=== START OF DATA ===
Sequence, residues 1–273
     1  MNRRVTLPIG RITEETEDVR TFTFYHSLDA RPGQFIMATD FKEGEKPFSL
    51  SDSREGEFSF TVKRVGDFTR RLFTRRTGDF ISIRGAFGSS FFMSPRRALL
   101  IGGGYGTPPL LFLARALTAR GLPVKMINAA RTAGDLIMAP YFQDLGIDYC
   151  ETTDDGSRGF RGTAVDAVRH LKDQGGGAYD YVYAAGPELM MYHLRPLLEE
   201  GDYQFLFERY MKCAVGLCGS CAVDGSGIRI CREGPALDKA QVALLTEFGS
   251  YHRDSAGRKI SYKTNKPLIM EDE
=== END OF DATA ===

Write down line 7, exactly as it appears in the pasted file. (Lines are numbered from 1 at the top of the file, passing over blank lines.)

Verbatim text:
   251  YHRDSAGRKI SYKTNKPLIM EDE